• SUMMARY In a place called Komodo Island, Indonesia there are animals called Komodo dragons. They are mysterious animals that have shark-like teeth and poisonous venom that can kill a person within hours of a bite. Even if the dragons are still living there the villagers who have lived there for generations alongside the world's largest lizard were not afraid, until the dragons started to attack. Two people have been killed since 2007: a young boy and a fisherman. Others were badly wounded after dragon attacks. Komodo dragon attacks are still rare but people in nearby villages are about continuing to live with the dragons. But fear is swirling through the fishing villages, along with questions on how best to live with the dragons in the future. Main, a 46-year-old park ranger, was doing paper work when a dragon slithered up the stairs of his wooden hut in Komodo National Park and went for his ankles dangling beneath the desk. When the ranger tried to pry open the beast's powerful jaws, it locked its teeth into his hand. "I thought I wouldn't survive... I've spent half my life working with Komodo Dragons and have never seen anything like it," said Main, pointing to his jagged gashes, sewn up with 55 stitches and still swollen three months later. "Luckily, my friends heard my screams and got me to hospital in time." Komodo Dragons are popular in zoo exhibits from the United States to Europe, they grow to be 10 feet long and about 150 pounds. Some villagers say that the dragons are hungry and more aggressive towards humans because their food is being poached. Poaching is the illegal hunting, fishing, or eating of wild plants or animals contrary to local and international conservation and wildlife management laws. However tame they may appear, lounging beneath trees and gazing at the sea from white-sand beaches, they are fast, strong and deadly. They can reach speeds of up to 18 miles (nearly 30 kilometers) per hour, their legs winding around their low, square shoulders like egg beaters. Attacks on humans by Komodo dragons — said to number at around 2,500 in the wild — are rare, but seem to have increased in recent years. Komodo Dragons are very dangerous animals that mean no harm but they just want something to eat so they decide to choose humans. When they catch their prey, they carry out a frenzied biting spree that releases venom, according to a new study this month in the journal Proceedings of the National Academy of Sciences. Four people have been killed in the last 35 years (2009, 2007, 2000 and 1974) and at least eight injured in just over a decade. Claudio Ciofi, who works at the Department of Animal Biology and Genetics at the University of Florence in Italy, said if komodos are hungry, they may be attracted to villages by the smell of drying fish and cooking, and "encounters can become more frequent.“Villagers say they've always lived peacefully with Komodos. A popular traditional legend tells of a man who once married a dragon "princess." Their twins, a human boy, Gerong, and a lizard girl, Orah, were separated at birth. When Gerong grew up, the story goes, he met a fierce-looking beast in the forest. But just as he was about to spear it, his mother appeared, revealing to him that the two were brother and sister. "They never used to attack us when we walked alone in the forest, or attack our children," Amin said. "We're all really worried about this."The dragons eat 80 percent of their weight and then go without food for several weeks. Amin and others say the dragons are hungry partly because of a 1994 policy that prohibits villagers from feeding them. The attack that first put villagers on alert occurred two years ago, when 8-year-old Mansyur was mauled to death while defecating in the bushes behind his wooden hut.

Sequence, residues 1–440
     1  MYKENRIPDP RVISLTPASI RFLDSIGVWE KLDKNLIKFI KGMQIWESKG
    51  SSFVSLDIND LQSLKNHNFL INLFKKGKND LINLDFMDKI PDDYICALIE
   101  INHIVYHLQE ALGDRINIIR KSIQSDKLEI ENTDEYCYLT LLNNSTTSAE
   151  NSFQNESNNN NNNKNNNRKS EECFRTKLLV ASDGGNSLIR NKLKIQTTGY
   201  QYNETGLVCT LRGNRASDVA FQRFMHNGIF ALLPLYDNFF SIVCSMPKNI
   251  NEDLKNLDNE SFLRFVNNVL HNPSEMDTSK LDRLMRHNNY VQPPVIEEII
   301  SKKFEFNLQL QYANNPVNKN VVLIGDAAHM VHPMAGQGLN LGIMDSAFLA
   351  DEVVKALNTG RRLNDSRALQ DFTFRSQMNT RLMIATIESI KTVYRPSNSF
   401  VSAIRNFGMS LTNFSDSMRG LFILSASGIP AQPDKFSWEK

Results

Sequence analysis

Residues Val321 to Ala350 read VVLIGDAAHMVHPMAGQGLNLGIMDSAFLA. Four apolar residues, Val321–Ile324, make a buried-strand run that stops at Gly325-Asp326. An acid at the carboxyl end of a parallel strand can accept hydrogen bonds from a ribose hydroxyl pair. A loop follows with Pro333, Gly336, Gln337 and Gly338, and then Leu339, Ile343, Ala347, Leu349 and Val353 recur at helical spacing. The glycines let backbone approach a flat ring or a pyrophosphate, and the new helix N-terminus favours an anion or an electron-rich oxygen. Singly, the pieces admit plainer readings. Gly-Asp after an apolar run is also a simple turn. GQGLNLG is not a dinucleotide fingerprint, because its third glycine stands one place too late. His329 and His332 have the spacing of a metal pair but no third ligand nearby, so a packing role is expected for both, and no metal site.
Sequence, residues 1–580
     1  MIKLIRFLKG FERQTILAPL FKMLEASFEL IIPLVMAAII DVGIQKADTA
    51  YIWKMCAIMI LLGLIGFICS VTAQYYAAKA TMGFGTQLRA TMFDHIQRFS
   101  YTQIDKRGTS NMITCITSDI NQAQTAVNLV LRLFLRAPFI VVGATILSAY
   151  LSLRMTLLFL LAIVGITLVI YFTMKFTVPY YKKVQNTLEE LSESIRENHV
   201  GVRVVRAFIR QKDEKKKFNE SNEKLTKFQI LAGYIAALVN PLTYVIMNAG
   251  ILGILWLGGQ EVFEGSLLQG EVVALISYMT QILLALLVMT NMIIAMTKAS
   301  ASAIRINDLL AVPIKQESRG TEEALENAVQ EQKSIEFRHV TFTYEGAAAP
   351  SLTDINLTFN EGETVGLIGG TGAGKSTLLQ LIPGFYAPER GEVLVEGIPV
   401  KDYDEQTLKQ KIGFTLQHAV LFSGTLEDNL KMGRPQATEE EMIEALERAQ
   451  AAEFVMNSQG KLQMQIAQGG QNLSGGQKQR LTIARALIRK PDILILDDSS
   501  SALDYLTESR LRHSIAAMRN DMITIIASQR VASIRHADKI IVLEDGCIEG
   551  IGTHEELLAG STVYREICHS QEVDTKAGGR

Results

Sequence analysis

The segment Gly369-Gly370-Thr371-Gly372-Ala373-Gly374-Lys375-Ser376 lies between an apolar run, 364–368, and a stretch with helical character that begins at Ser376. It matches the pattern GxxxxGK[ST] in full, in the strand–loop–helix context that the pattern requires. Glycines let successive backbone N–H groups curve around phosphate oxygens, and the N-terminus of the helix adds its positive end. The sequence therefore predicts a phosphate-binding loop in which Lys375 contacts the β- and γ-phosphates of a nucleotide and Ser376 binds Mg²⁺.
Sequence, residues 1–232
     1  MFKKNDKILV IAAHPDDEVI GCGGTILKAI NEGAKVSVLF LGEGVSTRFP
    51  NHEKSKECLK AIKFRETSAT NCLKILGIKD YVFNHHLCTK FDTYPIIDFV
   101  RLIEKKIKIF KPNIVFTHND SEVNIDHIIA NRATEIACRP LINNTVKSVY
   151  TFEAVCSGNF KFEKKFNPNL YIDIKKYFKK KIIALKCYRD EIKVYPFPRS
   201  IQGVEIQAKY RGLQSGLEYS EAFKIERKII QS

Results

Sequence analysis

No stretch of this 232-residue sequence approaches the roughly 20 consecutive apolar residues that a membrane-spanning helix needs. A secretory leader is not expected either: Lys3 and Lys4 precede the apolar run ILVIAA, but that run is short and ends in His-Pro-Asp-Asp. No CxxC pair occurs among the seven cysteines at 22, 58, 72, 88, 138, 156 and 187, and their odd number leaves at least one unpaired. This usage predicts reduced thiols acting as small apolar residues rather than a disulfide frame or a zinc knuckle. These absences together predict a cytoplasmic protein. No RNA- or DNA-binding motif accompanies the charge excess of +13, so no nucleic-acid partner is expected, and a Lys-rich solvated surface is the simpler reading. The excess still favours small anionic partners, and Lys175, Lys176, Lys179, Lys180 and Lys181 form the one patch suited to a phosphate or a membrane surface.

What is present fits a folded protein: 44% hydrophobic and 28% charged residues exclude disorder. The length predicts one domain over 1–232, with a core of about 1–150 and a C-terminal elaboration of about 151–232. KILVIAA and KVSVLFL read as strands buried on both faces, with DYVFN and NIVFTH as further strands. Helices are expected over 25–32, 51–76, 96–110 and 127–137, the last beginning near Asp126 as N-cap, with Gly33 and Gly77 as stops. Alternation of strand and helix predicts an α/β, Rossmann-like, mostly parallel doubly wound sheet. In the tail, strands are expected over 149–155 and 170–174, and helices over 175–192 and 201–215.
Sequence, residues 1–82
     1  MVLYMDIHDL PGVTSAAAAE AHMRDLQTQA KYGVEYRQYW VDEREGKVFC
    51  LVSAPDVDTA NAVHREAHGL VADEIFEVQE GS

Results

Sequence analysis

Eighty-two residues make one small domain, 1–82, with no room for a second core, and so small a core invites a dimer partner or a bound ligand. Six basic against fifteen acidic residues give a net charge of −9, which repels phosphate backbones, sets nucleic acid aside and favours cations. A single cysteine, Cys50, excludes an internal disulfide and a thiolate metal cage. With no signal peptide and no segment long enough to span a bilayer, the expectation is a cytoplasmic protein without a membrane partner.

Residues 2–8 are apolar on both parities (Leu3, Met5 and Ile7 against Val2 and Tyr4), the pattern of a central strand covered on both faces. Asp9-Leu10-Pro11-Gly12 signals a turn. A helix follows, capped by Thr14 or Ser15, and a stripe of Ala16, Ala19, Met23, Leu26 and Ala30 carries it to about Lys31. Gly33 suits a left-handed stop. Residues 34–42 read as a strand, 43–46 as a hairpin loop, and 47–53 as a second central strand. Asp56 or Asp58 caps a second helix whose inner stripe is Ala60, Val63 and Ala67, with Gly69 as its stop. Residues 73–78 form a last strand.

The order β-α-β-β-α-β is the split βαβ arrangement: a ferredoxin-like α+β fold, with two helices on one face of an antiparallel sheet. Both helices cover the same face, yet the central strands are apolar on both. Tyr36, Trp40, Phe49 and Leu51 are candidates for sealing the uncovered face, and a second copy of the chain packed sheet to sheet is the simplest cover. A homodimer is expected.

• EXPLANATION I've chosen the article called “ Komodo dragon attacks terrorize villages “ as the most amazing article because a animal like the Komodo dragon is a interesting animal. With their shark- like teeth they can bite off a human arm. That’s how vicious they are. I think that this is the most amazing article because the Komodo Dragons can be anywhere, anytime. They can be in your house maybe right now. Even though it may be impossible for that animal to come into your house. They are in exhibits in the United States. People who are lizard fans seem to be attracted by this creature. Back then, people used to feed these types of creatures. But they stopped since people told them to stop feeding them. This is a amazing article because there were many attacks that the Komodo Dragons did to humans. Humans thought that these dragons were harmless in many ways. But when they started to realize what advantage the dragons were doing to them they started to get scared.